Other parts of this series:
In this blog series so far, I’ve argued that there is no ‘one-size-fits-all’ approach to compliance. I introduced four characteristics of compliance learning and discussed the first one—individually relevant learning—as an important method of personalizing rules and regulations. In this post, I’ll discuss the second characteristic of compliance learning.
High-impact learner experiences through social, workplace and media-rich digital learning
In an increasingly digital world, it makes sense for organizations to adopt digital learning experiences. Your employees are already using digital media to augment their learning outside the workplace, so why not keep up with and reap the benefits of new learning technologies from the inside?
Some new innovative learning channels include dynamic media-rich content; serious games, simulations, collaborative learning, and micro-action initiatives. Let’s take a closer look at what each channel entails:
Dynamic media-rich content
The graduate market is a fully digital market, according to recent Accenture research, with 76 percent of graduates saying they expect digital technology to improve their work experience. In 2015, nearly 75 percent of graduates said that they use mobile apps, YouTube and other social platforms to follow stories while they’re ‘on the go’. Video is one of the most powerful mediums to convey information, engaging multiple senses and allowing for knowledge to be retained more effectively.
Accenture has also harnessed the power of video to anchor learning through TV mini-series-style productions. Series like Hackerland—which tells the story of cyber criminals targeting businesses—are effective learning channels because they engage learners through unfolding storylines, compelling characters and drama.
Gone are the days when people scoffed at gamers for being ‘lazy’ or ‘time wasters’. Organizations are quickly realizing the benefits of games as a medium that presents learning in a way that challenges and motivates employees. The value of gamification is legion: employees are more engaged when something is presented as a competition; decisions made during the games can point out actions needed to influence their behavior; and repetition helps to embed behaviors.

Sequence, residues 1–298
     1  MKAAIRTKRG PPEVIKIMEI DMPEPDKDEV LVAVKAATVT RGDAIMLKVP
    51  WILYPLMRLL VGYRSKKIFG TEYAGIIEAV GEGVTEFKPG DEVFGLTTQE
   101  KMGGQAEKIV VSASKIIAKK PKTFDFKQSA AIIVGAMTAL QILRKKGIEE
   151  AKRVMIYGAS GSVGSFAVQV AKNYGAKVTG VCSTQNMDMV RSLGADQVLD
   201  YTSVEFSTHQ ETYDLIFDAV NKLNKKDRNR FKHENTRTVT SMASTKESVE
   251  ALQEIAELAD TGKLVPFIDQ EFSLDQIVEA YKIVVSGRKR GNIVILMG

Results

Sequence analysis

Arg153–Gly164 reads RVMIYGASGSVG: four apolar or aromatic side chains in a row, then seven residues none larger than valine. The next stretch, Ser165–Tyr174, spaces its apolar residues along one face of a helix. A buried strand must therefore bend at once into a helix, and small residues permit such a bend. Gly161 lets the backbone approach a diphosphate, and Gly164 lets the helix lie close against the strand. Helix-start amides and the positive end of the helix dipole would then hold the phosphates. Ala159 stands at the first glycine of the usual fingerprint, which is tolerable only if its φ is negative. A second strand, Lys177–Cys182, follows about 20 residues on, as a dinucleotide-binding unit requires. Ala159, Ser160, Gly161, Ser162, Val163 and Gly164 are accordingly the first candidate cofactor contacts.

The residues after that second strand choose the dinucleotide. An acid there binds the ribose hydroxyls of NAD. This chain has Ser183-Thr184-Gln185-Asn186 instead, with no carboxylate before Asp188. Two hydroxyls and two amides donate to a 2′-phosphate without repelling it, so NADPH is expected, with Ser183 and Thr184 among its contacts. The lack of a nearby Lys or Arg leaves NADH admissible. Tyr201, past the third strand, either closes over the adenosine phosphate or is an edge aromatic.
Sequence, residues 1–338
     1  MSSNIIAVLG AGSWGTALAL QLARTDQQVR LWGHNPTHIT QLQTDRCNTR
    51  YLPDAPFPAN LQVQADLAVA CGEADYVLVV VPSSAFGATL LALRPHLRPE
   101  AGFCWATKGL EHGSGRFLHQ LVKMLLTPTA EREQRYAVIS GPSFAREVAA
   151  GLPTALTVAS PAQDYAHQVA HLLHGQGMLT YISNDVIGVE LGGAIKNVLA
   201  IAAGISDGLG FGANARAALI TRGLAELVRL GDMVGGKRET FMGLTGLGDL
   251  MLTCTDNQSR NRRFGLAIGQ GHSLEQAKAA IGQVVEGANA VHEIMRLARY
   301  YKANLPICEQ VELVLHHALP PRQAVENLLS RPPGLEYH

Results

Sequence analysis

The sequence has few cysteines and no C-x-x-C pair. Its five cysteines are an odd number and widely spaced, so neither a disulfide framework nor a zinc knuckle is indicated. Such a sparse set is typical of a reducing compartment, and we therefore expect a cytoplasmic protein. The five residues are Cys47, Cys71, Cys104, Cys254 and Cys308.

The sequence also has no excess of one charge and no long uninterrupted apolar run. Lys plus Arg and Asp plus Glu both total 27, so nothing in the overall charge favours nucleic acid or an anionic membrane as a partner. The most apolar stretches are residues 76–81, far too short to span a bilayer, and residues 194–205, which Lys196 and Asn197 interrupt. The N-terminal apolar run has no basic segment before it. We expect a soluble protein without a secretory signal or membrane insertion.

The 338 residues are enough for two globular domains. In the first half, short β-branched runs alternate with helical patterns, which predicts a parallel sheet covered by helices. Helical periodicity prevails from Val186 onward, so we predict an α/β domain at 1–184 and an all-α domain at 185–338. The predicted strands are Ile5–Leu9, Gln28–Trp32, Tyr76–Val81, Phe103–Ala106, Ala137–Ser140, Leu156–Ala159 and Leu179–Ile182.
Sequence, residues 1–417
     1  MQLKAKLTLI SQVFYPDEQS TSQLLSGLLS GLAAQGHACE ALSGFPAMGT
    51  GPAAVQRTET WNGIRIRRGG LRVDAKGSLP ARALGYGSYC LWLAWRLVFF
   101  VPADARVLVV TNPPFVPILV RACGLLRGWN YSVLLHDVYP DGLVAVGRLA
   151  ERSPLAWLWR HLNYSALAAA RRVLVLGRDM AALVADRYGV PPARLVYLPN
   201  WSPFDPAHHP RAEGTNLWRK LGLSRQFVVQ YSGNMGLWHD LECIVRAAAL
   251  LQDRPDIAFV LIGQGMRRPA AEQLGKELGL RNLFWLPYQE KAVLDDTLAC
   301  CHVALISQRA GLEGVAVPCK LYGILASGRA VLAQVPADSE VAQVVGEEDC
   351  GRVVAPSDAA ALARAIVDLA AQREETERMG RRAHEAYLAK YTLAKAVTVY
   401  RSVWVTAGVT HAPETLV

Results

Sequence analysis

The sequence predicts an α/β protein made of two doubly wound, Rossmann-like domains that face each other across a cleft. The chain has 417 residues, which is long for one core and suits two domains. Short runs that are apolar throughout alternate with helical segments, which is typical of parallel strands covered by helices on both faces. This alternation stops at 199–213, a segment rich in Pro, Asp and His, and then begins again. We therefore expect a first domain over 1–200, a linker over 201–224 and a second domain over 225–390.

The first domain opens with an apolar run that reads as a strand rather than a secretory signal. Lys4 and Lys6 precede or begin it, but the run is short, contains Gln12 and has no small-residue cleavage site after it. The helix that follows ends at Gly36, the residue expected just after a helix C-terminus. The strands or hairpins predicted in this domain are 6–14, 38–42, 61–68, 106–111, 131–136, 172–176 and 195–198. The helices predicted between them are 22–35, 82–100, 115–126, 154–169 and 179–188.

Simulations allow users to learn in a risk-free environment, and are especially well-suited to FS organizations in the application of complex, role-based compliance learning.
Employees can, for example, engage in critical learning in a non-critical environment, through augmented and virtual reality technologies. These immersive technologies help learners to navigate more complex, nuanced behavioural scenarios that include avatars, video, audio, movement and even virtual touch.
The value of collaborative learning platforms—such as Yammer, Jive, SAP JAM, Slack and Facebook at Work—are twofold. They host user-generated content like blogs, posts and videos, while at the same time creating a safe space where employees feel free to ask each other questions and connect with peers and experts.
Accenture’s 30-day challenge is a great example of how change in behavior is reinforced through small, daily actions that become embedded habits over a longer period of time.
In this post, I discussed the different innovative learning channels that FS organizations can adopt in their compliance learning programs. For a more in-depth discussion of the topic, download the latest report, or read an article on how insurers can use virtual reality to re-skill their workforce.